Last Saturday, the 23rd of June, Last Man Standing took place. 6 hours on pole number 16 at the Markermeer lake. A super hard challenge. And a real rollercoaster ride of physical discomfort and mental breakdowns and revivals.
MIND Young Academy
I participated to raise money for the MIND Young Academy. A project that educates schoolchildren about mental health. A project that stimulates openness, sharing and talking. And that is so very important! When I was young, there was little to no information, no openness and a lot of taboo. It was a black hole. My life was black and alone. There was help to be found, but only if you searched for it. Thankfully, I did. With ups-and-downs. But there are a lot of people my age, that start only now, because now there is more information, the subject is discussed more and more, and there is a little less taboo on certain subjects. When we can give our youth this growing sense of awareness, so they can talk sooner, so they can see that it is something you can struggle with but also can get help for, we give them a head start in life. A head start for healing and/or finding balance and acceptation. So they have a bigger chance on quality of life.
I did not participate alone! 150 other very brave human beings stood there. People who participated because they themselves have (had) problems and challenges with their mental health, or because they have a connection with someone who faces/faced these problems and challenges every day. And that says something about strength and perseverance. About personal leadership. Because, standing still for 6 hours, on a little pole that is smaller than the size of your feet, does not only require physical perseverance, but, much more so, mental perseverance.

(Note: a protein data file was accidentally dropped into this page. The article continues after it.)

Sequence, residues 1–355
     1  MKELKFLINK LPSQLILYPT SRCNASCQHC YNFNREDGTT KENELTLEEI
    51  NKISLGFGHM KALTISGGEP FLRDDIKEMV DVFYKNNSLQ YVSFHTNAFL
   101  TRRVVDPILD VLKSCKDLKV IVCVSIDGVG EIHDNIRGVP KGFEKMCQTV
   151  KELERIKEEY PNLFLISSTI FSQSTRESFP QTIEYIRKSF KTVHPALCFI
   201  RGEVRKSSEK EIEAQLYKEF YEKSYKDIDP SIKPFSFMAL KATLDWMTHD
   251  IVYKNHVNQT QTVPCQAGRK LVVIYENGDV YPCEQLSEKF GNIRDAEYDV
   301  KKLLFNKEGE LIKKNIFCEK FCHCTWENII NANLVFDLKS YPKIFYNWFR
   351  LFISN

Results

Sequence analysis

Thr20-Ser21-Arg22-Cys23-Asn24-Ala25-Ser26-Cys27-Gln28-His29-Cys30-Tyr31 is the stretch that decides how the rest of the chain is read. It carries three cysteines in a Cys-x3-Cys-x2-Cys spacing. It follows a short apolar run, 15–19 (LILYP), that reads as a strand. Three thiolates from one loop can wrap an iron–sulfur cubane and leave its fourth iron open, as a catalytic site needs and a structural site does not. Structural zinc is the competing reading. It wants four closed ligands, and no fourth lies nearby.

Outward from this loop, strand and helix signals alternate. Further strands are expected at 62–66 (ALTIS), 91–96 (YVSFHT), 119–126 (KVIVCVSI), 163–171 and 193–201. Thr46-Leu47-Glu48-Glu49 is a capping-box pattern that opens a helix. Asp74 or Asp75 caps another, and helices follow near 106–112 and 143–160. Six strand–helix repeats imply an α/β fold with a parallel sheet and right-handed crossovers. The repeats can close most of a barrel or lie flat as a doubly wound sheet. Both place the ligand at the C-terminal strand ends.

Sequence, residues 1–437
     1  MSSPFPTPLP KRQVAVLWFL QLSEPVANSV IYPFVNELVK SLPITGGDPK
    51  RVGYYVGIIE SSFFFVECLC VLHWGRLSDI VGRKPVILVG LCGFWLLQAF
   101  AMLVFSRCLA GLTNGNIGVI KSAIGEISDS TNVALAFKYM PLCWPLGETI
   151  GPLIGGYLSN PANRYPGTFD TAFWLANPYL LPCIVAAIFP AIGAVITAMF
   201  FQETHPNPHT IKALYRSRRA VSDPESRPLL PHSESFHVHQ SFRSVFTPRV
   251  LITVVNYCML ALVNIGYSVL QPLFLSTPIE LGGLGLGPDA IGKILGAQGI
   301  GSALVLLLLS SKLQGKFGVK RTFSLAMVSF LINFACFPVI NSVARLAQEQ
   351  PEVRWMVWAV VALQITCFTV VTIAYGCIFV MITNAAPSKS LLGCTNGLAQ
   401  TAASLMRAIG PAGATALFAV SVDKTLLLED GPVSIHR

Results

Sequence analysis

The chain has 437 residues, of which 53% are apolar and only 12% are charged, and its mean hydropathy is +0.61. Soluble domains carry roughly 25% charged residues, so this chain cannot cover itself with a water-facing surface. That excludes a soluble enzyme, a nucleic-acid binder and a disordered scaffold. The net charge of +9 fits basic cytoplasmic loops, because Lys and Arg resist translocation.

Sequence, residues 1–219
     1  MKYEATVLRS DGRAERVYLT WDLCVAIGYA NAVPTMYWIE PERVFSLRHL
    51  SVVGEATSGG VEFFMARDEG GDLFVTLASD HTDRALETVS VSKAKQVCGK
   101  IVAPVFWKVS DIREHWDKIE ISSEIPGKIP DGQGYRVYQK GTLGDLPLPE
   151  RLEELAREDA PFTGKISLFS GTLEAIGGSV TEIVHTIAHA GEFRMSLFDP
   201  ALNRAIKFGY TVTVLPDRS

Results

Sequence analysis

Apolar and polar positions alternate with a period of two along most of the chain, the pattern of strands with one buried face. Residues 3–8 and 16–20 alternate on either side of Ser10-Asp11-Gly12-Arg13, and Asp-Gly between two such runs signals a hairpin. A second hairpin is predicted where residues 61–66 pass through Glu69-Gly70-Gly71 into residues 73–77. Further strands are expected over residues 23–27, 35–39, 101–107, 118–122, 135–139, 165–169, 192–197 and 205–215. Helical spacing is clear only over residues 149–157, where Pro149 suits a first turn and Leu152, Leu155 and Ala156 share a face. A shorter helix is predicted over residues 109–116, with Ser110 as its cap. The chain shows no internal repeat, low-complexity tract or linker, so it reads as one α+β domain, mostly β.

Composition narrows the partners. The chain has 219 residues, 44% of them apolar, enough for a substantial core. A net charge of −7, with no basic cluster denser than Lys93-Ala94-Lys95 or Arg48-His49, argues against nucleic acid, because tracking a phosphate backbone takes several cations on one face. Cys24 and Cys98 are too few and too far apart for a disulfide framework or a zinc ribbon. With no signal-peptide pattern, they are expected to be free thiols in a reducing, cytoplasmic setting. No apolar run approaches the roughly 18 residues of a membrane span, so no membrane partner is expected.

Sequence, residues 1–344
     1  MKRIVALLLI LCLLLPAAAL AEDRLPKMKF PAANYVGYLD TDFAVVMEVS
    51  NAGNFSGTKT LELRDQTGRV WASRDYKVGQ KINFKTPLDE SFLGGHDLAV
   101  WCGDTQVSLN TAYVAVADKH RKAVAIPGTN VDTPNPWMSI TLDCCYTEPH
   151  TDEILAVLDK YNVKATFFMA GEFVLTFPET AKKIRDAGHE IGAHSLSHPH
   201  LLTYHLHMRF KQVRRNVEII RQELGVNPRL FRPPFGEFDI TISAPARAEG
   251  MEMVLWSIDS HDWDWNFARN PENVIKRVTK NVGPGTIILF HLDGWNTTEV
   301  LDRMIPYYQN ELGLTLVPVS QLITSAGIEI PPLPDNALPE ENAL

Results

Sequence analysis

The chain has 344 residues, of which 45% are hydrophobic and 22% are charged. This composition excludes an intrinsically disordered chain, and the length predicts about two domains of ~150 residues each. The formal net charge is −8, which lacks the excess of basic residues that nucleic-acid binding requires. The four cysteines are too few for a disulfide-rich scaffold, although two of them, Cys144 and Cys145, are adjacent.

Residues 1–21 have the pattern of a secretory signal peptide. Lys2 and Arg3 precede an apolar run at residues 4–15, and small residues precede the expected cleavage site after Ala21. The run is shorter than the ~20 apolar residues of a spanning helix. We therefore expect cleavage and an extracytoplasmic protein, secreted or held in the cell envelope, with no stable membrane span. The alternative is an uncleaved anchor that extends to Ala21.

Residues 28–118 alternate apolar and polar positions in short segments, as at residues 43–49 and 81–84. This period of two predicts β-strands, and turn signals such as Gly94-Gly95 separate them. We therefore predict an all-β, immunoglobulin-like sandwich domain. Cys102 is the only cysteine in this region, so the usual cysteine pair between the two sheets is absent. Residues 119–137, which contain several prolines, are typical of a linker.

It is a rollercoaster. As your body and mind try to end this weird situation, you try to reach your goal. You are doing this for a reason, you remind yourself. What is 6 hours, if you’ve been trying to keep your balance all your life already? Right. This is peanuts in comparison to what I have already lived through and survived. I want to keep my balance. On this small pole and in life. And I will succeed!
‘I can’t do it, I want to get off, I want to sit down, you will fall, what does it matter when you stop?, just stop’, my head tells me and tears came. Nearly did I give in. For a moment I could not go on, my eyes scanned for support and strength. Where could I find support and strength? I looked at all my fellow pole standers. They are doing this too. Look how powerful we all are. I saw people on the shore cheering us on. My mouth asked for support. I called my mother to tell her how hard it was right now. I told the volunteers of MIND, who were by our side in the water, that I was having a hard time. I got cheered on. It cost me 45 minutes to recover from this major breakdown. To silence the voices in my head who wanted to give up. To feel lighter on the pole again and to get through the last hour. With everybody. Together. And we made it! What an accomplishment.
Strength and perseverance
Strength and perseverance. That is what people who climbed on a pole Saturday displayed and have. And that is also because of who we are and our lived experience. Having mental health problems requires a lot of personal leadership. You, and only you, can take charge of yourself and your life,
with or without a handicap. And how fitting is this metaphor of standing on a pole! Trying to keep your balance through the elements, on a tiny pole. It’s a big challenge. And it makes us who we are. So much more than a label. So valuable through lived experience. These people are leaders. These people are an example. You are heroes.
We raised 51.000 euro and this amount can only grow bigger. You can still donate through doemeemetmind.nl. I want to thank everybody for their support, donations, sharing of stories, enthusiasm and perseverance.
See you next year! X Bouwke